There was one particular testimony before the New Jersey Senate detailing the dangers of “gay conversion therapy” that was so riveting that it sounded like something taken straight out of a Hollywood script. It now appears that it was taken straight out of Hollywood. So, not only is the New Jersey Senate in danger of passing a terribly unfair, discriminatory bill, but the most compelling testimony presented appears to be a fabrication.
Before getting into the details of what appears to be an incredible hoax, it’s important to understand the nature of this very dangerous bill, which would make it illegal for a licensed therapist to offer professional help to a minor with unwanted same-sex attractions, even if the minor had parental permission.
Yet if that minor wanted to find out how to embrace those same-sex attractions, or if that minor felt he was a boy trapped in a girl’s body and wanted to explore hormone therapy with a view towards sex-change surgery, that would be fine. But let that same young person say, “I’m troubled by my same sex attractions and would like to explore the possibility of change,” that would be illegal if this outrageous bill passes.
As I noted on June 1, 2012 with reference to a similar bill that was being considered in California (it passed, but is being held up due to legal appeals), “California Senator Ted Lieu, the author of the bill, removed any doubt as to why he introduced it: ‘The attack on parental rights is exactly the whole point of the bill because we don’t want to let parents harm their children.’”
This is a startling example of government overreach, not only between parents and their children but also between patient and client. As Carol Gallentine said to the Senate committee last week, “I don't understand who you people are, trying to come into our homes and tell us what to do with our children. I see you people bullying the parents.”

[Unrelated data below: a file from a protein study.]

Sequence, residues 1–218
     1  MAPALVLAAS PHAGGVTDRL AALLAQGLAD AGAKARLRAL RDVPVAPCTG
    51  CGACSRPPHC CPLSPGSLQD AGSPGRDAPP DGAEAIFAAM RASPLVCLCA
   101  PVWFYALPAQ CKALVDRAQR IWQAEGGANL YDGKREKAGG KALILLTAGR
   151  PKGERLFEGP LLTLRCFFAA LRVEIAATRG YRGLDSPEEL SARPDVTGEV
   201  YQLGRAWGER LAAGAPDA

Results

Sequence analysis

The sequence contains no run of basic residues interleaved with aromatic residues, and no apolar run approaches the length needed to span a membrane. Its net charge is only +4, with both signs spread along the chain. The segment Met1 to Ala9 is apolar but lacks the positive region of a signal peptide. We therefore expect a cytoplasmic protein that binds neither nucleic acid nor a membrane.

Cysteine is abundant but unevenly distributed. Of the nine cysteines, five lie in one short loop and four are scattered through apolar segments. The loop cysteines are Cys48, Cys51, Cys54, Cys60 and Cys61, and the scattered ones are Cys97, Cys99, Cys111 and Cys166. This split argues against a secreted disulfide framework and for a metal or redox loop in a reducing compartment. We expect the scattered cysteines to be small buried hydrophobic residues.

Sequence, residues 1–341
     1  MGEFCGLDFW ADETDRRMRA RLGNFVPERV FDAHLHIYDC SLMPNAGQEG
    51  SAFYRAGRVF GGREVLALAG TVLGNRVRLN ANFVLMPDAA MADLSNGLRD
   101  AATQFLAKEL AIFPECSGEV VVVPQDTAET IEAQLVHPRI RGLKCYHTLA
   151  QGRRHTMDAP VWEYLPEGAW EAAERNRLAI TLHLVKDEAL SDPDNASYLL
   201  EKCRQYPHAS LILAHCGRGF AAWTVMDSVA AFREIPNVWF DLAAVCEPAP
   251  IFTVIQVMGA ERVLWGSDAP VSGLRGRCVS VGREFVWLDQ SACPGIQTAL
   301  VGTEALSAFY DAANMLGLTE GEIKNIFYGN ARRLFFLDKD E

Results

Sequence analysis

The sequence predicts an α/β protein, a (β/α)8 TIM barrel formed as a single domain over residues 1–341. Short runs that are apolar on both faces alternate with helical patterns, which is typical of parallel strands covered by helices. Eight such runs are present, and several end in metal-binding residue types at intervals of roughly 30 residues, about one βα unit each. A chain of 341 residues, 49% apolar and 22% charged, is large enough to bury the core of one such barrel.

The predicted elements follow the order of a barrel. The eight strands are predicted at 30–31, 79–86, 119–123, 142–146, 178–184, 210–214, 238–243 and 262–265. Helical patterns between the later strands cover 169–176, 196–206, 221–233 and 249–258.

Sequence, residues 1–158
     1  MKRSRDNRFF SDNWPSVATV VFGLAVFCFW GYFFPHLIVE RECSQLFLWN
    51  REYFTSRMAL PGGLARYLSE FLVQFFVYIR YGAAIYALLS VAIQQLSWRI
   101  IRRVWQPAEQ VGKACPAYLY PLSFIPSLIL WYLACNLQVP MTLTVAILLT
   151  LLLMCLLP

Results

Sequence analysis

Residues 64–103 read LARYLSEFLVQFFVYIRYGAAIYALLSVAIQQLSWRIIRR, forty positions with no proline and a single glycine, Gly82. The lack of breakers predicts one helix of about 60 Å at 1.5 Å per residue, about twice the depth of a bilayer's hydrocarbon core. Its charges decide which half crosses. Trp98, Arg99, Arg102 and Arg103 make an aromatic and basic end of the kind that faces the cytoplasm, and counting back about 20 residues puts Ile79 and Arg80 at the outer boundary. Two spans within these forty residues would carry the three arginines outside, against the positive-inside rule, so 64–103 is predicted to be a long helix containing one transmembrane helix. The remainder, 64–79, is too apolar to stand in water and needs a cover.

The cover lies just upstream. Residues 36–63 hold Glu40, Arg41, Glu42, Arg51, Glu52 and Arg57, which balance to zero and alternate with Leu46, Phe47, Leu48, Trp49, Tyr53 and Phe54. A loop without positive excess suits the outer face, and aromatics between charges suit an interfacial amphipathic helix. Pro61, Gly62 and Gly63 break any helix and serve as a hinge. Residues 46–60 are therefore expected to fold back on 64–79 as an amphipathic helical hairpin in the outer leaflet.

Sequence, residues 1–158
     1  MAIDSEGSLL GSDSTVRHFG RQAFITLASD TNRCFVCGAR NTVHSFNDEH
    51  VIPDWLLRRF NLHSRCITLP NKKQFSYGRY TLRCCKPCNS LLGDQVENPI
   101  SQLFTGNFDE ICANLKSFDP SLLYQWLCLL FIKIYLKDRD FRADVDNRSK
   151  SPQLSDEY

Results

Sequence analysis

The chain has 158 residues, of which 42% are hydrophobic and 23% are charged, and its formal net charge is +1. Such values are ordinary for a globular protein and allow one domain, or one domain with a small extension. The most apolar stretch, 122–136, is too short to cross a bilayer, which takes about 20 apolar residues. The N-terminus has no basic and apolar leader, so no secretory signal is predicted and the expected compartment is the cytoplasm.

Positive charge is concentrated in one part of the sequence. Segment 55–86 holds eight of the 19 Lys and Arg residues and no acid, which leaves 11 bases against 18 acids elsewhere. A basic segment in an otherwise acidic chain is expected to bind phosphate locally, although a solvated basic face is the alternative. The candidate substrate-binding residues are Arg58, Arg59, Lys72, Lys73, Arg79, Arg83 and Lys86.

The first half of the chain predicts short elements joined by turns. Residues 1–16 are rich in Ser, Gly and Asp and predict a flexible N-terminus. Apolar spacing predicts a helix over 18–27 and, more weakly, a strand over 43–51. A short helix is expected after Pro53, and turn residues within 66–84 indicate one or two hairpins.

Ironically, in schools all over America (including New Jersey), a girl who wants to come out as lesbian can be encouraged by public school counselors or teachers to join the school’s Gay Straight Alliance. There, she will be encouraged not to tell her parents about her decision and not to listen to their religious viewpoints. But now, New Jersey is considering passing a bill that will make it illegal to offer professional help to a minor (even with parental permission) if that child doesn’t want to embrace a gay identity.
Of course, the whole basis for this bill is the alleged harm done to minors who have been subjected to counseling for same-sex attractions, and the testimony offered by Brielle Goldani, born male but now identifying as female, offered poignant confirmation of these alleged abuses.
Goldani described how he/she was sent by his/her parents to a religious camp in Ohio called “True Directions,” allegedly run by the Assemblies of God, a conservative Christian denomination. “Goldani told lawmakers she was given electric shocks and drugs to induce vomiting as part of the treatment.”